Fisheries Minister Stuart Nash will seek a briefing on consultation and engagement with Te Oneroa-a-Tōhē locals who’ve expressed concern over the use of heavy machinery to harvest mussel spat.
Te Ao news informed the Minister in Parliament today that Te Oneroa-a-Tōhē locals had imposed a rāhui on vehicles entering the area in a desperate effort to protect the beach and marine life from irreparable damage.
Local fisherman Pataua Te Pania says residents approached the matter in a respectful way and the entire focus was the protection of the shoreline near Ahipara.
"I had a quick chat with them and said the machinery is not allowed down this side there's gonna be no compromise about that at all and they were fine with that. I said look I've got no issue with them coming down with their trucks and trailers and just hand gathering".
Locals welcomed anyone who were willing to use traditional hand gathering techniques as they had observed a reduction on local marine life stocks since mass harvesting had begun.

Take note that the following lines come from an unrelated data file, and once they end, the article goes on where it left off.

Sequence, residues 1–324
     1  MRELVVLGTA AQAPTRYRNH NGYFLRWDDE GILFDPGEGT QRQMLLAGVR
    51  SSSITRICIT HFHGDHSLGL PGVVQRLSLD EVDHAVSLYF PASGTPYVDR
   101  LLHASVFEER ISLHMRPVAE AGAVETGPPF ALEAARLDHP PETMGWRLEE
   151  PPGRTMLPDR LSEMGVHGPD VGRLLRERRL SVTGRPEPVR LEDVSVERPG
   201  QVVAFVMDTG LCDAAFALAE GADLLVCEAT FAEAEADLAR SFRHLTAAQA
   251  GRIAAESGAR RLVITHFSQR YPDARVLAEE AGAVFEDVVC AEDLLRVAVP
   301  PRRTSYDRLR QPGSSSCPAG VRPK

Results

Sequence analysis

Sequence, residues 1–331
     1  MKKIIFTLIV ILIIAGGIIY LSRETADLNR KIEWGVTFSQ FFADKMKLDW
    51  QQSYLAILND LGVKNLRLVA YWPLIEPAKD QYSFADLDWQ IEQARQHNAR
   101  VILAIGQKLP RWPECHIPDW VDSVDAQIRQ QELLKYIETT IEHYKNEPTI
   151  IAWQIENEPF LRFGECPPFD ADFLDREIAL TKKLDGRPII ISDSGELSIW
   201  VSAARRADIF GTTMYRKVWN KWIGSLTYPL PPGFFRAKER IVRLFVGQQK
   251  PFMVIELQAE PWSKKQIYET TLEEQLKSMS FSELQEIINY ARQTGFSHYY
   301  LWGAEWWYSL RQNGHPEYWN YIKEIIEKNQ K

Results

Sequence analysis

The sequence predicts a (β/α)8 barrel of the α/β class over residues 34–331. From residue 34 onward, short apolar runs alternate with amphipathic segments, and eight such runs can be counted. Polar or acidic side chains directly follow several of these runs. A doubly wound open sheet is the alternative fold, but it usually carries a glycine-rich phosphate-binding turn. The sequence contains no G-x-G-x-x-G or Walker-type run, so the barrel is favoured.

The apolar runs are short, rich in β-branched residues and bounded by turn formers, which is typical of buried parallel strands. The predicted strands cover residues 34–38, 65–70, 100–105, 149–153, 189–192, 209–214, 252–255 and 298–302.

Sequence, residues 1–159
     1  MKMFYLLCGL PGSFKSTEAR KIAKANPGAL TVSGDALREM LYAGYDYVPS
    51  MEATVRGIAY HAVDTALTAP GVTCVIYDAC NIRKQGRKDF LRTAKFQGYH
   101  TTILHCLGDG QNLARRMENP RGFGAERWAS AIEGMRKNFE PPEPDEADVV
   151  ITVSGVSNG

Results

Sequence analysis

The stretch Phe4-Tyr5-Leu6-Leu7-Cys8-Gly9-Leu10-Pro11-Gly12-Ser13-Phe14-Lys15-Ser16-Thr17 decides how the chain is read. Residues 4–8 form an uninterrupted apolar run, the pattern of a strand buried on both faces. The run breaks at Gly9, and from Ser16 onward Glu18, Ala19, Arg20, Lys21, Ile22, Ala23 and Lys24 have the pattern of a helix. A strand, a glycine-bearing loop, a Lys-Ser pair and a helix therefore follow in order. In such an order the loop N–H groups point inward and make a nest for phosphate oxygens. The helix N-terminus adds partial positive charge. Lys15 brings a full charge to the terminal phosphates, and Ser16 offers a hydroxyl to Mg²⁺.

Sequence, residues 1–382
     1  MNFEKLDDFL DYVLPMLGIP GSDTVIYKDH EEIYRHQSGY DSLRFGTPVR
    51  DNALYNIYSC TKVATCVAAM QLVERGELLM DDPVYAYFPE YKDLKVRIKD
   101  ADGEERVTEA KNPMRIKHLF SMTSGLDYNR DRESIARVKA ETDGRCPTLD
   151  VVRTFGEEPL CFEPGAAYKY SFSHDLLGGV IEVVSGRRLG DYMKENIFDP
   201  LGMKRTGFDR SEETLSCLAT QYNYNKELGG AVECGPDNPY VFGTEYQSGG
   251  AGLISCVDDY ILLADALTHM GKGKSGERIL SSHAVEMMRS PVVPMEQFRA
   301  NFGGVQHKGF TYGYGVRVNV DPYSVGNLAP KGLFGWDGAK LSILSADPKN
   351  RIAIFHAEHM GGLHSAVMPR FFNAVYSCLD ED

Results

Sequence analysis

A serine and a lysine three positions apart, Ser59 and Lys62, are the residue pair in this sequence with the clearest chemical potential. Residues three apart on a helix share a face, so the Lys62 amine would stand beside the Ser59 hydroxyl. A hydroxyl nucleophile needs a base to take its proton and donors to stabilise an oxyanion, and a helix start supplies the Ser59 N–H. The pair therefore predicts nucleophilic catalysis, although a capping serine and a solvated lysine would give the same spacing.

Minister Nash stated, “When I increased the TACC the Total Allowable Commercial Catch for Spat last year what I did say is it had to be done in a way that was sensitive to the environment of 90 mile beach I am aware that my officials have been in touch with both parties and I was aware ongoing conversations were being had but if it has reached an impasse like that then I need to get across about what is going on and where the solutions are.”
Locals say they never intended to cause issues for anyone in the industry but the lack of action from the Fisheries Ministry had forced them to take drastic measures to protect 90 Mile Beach and it's' marine life.